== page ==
As a professional facilitator, I am always looking for new tools to create experiences for the groups I work with. Whether it is training, team building, or strategic planning, I find that groups are able to reach new insights when they have a meaningful experience together.
Facilitation tools, such as the one I am about to highlight, can help a group uncover their own communication challenges and discover their own solutions to those challenges. This is far more effective than having the group’s leader or an outside facilitator try to identify the challenges and tell the group what they are and how to fix them.
Experiences that engage both the mind and the body at the same time are very effective. When you are doing something with your body and you have a new insight, it is as if the insight is captured in the body because you were having a memorable physical experience. Now that I am facilitating online and working with remote teams, this has become more difficult. Difficult, but not impossible.
In January I became a licensed Online Empathy Toy Facilitator. The empathy toy is an experiential learning tool that is very well designed and very flexible for different types of groups in different situations. To play online, we actually start by identifying a few team members who will receive the game pieces in the mail ahead of time.
Then, on the day of, the team is split into different roles. The participants who received the game pieces in the mail are the Builders and the other participants serve as Guides. The Guides receive digital images. The images depict the way in which the pieces should be assembled into a final structure. The challenge is that the images are taken from different perspectives. We often make it more challenging by putting constraints on how the team can communicate or how much time they have to solve the puzzle. Guides then tell the Builders how to construct the pieces, and that’s where the collaboration starts.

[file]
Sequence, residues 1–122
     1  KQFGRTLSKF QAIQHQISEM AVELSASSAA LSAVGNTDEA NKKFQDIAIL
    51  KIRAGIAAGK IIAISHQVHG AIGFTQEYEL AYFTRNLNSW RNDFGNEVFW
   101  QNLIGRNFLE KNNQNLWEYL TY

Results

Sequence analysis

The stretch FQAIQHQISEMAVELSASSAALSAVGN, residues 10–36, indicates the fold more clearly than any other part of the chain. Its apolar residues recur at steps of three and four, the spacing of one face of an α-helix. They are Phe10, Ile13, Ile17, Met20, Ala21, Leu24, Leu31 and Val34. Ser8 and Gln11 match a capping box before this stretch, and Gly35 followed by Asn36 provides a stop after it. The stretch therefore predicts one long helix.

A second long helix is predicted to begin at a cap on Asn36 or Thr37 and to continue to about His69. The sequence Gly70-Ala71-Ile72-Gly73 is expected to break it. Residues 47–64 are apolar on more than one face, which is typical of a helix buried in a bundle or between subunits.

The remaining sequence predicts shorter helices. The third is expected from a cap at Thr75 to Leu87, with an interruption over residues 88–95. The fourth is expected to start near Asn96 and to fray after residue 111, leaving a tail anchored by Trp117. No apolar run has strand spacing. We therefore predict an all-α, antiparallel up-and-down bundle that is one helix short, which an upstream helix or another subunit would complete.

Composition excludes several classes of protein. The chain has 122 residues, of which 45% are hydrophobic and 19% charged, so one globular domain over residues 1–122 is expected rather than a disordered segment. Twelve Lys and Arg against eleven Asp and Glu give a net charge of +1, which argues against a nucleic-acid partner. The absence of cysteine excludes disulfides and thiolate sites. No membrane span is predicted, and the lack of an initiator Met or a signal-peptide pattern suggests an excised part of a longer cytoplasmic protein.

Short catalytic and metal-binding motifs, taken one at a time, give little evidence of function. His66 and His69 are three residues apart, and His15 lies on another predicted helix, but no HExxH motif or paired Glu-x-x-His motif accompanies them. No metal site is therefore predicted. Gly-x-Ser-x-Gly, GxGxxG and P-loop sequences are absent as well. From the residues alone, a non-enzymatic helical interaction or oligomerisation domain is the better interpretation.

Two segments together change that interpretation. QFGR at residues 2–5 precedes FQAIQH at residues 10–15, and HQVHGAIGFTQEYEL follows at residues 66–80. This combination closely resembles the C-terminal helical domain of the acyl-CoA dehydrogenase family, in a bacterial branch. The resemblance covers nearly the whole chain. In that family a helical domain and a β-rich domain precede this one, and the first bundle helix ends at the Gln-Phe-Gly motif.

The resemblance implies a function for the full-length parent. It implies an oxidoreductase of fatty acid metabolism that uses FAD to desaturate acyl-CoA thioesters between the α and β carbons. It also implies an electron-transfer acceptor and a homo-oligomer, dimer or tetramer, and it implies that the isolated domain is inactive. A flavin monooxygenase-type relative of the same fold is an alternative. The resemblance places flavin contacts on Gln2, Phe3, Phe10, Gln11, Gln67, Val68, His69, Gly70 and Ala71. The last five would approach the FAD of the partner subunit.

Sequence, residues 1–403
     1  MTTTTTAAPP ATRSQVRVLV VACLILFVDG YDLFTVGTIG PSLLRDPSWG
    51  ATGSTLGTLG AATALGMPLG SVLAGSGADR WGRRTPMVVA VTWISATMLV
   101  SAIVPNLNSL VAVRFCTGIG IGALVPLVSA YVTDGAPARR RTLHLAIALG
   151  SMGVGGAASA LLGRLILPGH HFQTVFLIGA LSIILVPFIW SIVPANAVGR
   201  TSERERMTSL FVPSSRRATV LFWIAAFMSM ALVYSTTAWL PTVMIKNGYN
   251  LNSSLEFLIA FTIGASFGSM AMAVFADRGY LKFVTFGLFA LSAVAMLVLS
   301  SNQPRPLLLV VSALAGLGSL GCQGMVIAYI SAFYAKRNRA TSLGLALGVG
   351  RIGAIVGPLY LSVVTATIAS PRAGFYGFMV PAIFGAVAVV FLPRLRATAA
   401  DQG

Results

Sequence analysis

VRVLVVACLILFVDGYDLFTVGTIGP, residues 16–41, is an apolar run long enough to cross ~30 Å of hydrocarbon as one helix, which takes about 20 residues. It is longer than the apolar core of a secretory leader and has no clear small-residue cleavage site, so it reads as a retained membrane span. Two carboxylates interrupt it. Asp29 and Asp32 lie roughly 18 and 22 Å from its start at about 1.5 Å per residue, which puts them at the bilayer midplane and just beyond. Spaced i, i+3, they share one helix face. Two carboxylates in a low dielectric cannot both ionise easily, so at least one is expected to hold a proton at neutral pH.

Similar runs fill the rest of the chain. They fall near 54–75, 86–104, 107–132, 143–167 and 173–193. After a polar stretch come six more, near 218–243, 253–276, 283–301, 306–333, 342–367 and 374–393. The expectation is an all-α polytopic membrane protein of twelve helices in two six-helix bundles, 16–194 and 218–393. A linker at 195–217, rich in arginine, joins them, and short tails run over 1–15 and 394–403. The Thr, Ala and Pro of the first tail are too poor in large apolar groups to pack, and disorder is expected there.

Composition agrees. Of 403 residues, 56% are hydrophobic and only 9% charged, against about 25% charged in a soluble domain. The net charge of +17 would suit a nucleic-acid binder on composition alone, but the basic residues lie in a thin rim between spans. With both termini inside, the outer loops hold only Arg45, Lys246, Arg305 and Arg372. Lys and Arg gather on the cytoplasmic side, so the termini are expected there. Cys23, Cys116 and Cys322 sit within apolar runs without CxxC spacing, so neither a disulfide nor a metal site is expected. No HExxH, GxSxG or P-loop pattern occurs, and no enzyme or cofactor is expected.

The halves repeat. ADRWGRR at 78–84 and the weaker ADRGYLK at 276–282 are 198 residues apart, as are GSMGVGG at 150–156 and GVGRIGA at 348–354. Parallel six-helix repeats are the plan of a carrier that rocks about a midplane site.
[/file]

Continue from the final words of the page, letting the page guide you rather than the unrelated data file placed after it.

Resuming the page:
Although originally designed for kids and classrooms, the Empathy Toy has now been used by facilitators like me throughout North America for workplace training, team building, and process facilitation.
The groups that I have guided through the exercise have found it to be fun and insightful. We start out with easy warm up rounds, but soon the game is modified to be more complex and challenging. The participants get frustrated, but even in their frustration, they are more determined to solve the puzzle before them. After each round, I conduct a debrief and we have a rich conversation about what was hard, what made it easier, how they modified their communication to assist their team, and how they dealt with new obstacles during the exercise.
The Empathy Toy experience is similar to other games or puzzles, however, I have found it to be the most well-designed kit when working with workplace groups. Since the most valuable part of the exercise is the debrief and the ability to suss out the takeaways and to navigate conversations about any sticky communication challenges that were unearthed, I recommend going through the exercise with an experienced facilitator.